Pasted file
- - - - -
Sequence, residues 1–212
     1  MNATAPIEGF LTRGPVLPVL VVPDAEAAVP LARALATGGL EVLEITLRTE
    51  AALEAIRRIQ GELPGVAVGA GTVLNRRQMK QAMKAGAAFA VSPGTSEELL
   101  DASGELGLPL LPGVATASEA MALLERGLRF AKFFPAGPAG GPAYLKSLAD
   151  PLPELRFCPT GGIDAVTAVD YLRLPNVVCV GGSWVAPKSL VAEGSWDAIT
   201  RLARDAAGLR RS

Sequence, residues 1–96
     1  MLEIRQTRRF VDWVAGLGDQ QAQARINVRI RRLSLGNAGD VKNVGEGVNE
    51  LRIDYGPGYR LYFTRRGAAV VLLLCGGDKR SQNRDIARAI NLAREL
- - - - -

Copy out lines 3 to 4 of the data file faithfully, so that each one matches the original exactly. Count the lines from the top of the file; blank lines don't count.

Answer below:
    51  AALEAIRRIQ GELPGVAVGA GTVLNRRQMK QAMKAGAAFA VSPGTSEELL
   101  DASGELGLPL LPGVATASEA MALLERGLRF AKFFPAGPAG GPAYLKSLAD